NFPs exist in many different forms and sizes and operate for many different purposes or to achieve various objectives. They deliver vital services and support across many facets of community life, including health, aged care, social services, education and research, the environment, community support and leadership, religion, and culture, recreation and sports.

NFP organisations come in various legal forms, including:

  • Public companies limited by guarantee
  • Unincorporated associations
  • Incorporated associations under state or territory law
  • Co-operatives
  • Organisations established by special Acts of Parliament

Some may operate as charities, some may require volunteers in their operations, some may be well resourced and some may be clubs and societies operating at a local or national level.

NFP directors play a critical part in NFPs achieving their outcomes, giving up their time, most often voluntarily, to bring a wide range of skills to the oversight, management, fundraising and day-to-day operations of the NFPs they govern.

Corporate governance refers to the systems and processes put in place to control and monitor – or ‘govern’ – an organisation. Good governance is embedded in the good behaviour and the good judgement of those who are charged with running an organisation.

Good governance can offer a number of important benefits to charitable and/or NFPs, including:

  • Better organisational strategies and plans.
  • Improved operational effectiveness.
  • More prudent regulatory compliance, financial and risk management.
  • Improved member and stakeholder engagement and communication flow.
  • Increased likelihood and degree to which an organisation actually delivers on its purpose.

Effective governance structures allow organisations to create value, through innovation, development and exploration, and provide accountability and control systems commensurate with the risks involved.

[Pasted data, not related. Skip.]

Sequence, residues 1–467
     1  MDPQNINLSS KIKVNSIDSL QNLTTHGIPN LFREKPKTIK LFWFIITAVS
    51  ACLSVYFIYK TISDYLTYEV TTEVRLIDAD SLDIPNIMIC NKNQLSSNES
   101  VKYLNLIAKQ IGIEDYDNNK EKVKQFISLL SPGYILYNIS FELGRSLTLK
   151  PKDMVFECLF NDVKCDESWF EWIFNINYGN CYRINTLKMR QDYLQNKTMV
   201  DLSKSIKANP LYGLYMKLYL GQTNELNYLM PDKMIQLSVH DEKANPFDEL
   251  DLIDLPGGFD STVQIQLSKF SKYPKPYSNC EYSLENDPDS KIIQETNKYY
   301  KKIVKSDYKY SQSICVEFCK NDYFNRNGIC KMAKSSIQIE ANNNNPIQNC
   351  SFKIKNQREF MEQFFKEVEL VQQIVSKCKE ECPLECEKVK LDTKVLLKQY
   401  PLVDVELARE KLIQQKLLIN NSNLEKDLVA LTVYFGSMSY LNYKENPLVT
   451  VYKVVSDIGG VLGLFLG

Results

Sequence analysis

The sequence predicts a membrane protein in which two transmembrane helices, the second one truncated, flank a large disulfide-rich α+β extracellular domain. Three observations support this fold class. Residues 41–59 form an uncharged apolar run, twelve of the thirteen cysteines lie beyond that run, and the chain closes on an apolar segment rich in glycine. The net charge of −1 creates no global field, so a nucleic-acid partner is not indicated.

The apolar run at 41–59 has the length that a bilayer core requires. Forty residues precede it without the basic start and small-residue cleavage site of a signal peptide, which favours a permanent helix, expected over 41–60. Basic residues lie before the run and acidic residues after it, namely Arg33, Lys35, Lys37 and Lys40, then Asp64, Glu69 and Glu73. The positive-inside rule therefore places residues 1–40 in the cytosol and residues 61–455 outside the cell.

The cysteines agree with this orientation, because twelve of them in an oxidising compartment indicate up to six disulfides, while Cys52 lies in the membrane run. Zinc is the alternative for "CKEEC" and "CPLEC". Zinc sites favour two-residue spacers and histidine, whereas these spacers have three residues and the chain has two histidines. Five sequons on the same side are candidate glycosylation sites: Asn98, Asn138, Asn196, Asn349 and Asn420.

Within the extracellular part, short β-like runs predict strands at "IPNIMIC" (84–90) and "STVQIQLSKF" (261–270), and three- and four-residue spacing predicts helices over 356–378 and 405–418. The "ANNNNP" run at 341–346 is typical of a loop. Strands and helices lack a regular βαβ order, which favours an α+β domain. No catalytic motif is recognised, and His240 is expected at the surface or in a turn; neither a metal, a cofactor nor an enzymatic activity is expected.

No matter the size, purpose and maturity of the NFP, directors need to consider various issues including whether they have the right structures and current constitutions in place to:

  • Exercise their authority appropriately.
  • Ensure controls and the right depth of financial knowledge is being applied for the good of the NFP and their own individual protection. For example, how the organisation is funded is important because directors may be required to be active fundraisers and/or closely monitor the allocation of money from government grants.

The term “not-for-profit” receives a mixed response from those in the sector. Some have suggested the NFP sector should be called “The Third Sector” or “Civil Society”. Others have expressed a preference for “not-for-loss”, “for purpose” or “community” organisations. Each of these definitions has its own limitations. Given its widespread usage, the terms “not-for-profit” and NFP is used throughout this guide.

For ease of reference, the terms “board”, “director” and “chair” will be used throughout, however other terms are prevalent in the sector to describe these roles. They include “committee”, “council”, “members” and “councillors”.